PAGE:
Last Thanksgiving day, I marked 47 years that I’ve been home from my mission. Me and another elder spent two days playing tourist in Rio de Janeiro and were delayed for some reason, don’t remember now, and arrived at LAX about 3am on Thanksgiving day. Then the flight to SLC was about 7am. Neither myself nor the guy I was traveling with had any money left…I don’t remember what we did for that 4 hours
To make a long story short, I was asking the group if you've saved missionary souvenirs this long since you've been home. I have a box full of letters and some souvenirs and the BOM that my Aunt Leona gave me before I left all full of the red lines.
Do I save it? I already know my kids have NO interest in it and I don't blame them.
Polly, I suspect that you missed that he's been home over 47 years!
I've been home a few months past 50 years. I have two suitcases full of mostly photos. I'm an only child and I am aware that none of my five kids are interested in them. They know their father, but they have no interest in his memories of his mission, not even the one TBM.
I'm of the opinion that all the items I'm hanging on to will be in the trash with weeks of my being caught up to heaven on a white horse named Lucky.
Letters may be of interest to your kids once you're gone. I found letter my Dad wrote home from the Army and his journal after he passed. I'm glad I have them to remember him.
The BoM is a hard call. Do you have other things your aunt left you? Some people keep older scriptures as proof of changes.
I was stranded in Rio about 40 years back. Partied until the money ran out and oddly enough my friends and girls dissapeared at the same time. I was lucky to find 50 centavos on the street and be able to take the earliest bus home.
Even though you've lost that religion, have you dropped your sentimental reasons for keeping family letters and mementos of two years of your life?
My being a sentimentalist I still keep letters from my parents - and they are long ago deceased.
Souvenirs - if they have any meaning to you, why not keep them? You went on an international mission, to somewhere you might not see again. Even if you do, it won't be the same as when you were 19 years old.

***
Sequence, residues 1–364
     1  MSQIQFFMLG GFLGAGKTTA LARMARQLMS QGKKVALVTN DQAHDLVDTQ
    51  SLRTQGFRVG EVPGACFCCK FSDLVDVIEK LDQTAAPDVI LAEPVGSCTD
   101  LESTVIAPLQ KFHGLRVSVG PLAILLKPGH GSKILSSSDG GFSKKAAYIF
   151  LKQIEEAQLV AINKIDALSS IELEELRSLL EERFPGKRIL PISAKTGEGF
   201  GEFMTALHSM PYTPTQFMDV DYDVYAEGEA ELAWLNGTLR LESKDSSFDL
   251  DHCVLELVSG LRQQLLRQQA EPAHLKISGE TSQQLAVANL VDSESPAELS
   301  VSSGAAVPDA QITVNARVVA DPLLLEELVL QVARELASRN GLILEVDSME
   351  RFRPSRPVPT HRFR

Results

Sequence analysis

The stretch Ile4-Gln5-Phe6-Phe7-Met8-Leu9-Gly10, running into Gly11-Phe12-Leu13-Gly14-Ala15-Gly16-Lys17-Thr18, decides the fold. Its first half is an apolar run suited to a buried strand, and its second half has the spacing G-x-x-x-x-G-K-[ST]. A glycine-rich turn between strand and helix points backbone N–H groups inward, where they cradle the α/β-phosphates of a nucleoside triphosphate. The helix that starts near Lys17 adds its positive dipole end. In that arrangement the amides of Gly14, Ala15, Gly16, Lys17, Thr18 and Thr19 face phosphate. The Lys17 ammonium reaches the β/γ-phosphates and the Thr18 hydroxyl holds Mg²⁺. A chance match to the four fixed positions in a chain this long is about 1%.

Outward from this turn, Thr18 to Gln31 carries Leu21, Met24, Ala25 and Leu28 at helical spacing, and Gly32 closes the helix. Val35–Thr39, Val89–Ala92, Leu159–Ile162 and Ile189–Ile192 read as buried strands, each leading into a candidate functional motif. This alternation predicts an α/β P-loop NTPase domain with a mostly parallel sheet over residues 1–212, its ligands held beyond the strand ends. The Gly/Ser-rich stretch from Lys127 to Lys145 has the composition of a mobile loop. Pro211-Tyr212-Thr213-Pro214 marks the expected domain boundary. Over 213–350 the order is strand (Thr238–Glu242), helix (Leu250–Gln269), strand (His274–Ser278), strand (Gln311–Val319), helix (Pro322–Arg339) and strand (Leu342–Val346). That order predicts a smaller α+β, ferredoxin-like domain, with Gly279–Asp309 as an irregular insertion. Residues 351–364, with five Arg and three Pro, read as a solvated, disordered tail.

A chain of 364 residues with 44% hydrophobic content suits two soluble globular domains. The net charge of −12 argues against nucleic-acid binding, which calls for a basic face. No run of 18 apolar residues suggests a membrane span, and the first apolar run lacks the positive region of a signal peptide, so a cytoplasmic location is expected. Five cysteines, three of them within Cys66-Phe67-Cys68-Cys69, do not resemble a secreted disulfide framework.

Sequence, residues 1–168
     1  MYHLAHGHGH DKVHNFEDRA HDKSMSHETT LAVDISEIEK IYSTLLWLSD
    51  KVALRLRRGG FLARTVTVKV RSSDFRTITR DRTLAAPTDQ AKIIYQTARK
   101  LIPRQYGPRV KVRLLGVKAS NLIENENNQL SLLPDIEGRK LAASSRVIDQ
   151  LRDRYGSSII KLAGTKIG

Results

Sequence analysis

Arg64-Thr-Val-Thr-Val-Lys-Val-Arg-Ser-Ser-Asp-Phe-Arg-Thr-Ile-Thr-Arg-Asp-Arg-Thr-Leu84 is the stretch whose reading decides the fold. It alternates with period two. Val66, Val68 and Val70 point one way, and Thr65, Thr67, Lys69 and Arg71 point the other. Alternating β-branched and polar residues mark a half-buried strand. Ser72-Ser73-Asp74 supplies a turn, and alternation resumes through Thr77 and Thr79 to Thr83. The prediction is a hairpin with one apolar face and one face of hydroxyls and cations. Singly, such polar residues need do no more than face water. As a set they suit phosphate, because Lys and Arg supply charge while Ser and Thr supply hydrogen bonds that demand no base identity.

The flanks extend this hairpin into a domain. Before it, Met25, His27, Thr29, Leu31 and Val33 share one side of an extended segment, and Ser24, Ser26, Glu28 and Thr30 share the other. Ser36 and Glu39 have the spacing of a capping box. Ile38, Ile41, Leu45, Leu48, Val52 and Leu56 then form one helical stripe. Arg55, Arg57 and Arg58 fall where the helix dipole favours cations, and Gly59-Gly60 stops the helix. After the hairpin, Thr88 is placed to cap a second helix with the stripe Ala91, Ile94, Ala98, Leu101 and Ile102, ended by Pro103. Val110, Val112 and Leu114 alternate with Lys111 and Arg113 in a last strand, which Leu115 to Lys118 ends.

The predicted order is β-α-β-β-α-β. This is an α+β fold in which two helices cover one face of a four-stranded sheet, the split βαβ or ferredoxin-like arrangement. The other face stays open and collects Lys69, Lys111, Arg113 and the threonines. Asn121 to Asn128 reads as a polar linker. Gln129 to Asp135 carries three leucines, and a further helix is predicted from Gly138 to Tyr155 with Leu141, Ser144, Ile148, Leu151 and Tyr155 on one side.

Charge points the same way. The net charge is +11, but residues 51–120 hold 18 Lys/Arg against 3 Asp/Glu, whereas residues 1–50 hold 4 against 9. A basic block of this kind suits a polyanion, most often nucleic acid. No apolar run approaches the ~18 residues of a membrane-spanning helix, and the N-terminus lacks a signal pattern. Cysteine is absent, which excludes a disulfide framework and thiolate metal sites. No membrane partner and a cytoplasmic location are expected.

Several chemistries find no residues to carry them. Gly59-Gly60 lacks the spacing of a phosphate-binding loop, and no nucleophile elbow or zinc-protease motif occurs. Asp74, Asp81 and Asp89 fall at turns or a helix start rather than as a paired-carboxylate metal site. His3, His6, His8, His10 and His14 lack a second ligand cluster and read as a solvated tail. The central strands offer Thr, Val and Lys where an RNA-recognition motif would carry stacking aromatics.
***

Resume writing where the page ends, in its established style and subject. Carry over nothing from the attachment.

So what if your kids won't want them when you're gone? Then again they might. Family history becomes more important to children as they age and mature. And it is a part of your history, so it may matter to them even if it doesn't right now.
As for the BoM, use your best judgment. I've ditched my copies because I don't want it in the house. But then your aunt gave it to you. So there again, that may give it more personal input than just a book of folklore.
Family history and your personal history if it's important to you it is worth keeping IMO.
Sure your kids know you...it's grand kids and great grand kids that will eat up anything that gives them a glimpse of the old farts...where would things be without keepsakes and journals??...depends if they like you I'd guess...most of my old mans stuff just hit the dumpster...not much great to reflect on sad to say...my kids just ate up the pics and journals my mom kept...few tho they were...it was mostly about the old man
People don't realize that there is value in old pictures and letters for people in the future that study the past. A picture of you in front of some landmark or with some person who you think is no one, may be of interest for later generations. Mormon's have no sense of history and I believe exmos are worse, your pictures and letters and sovenirs document what you went through.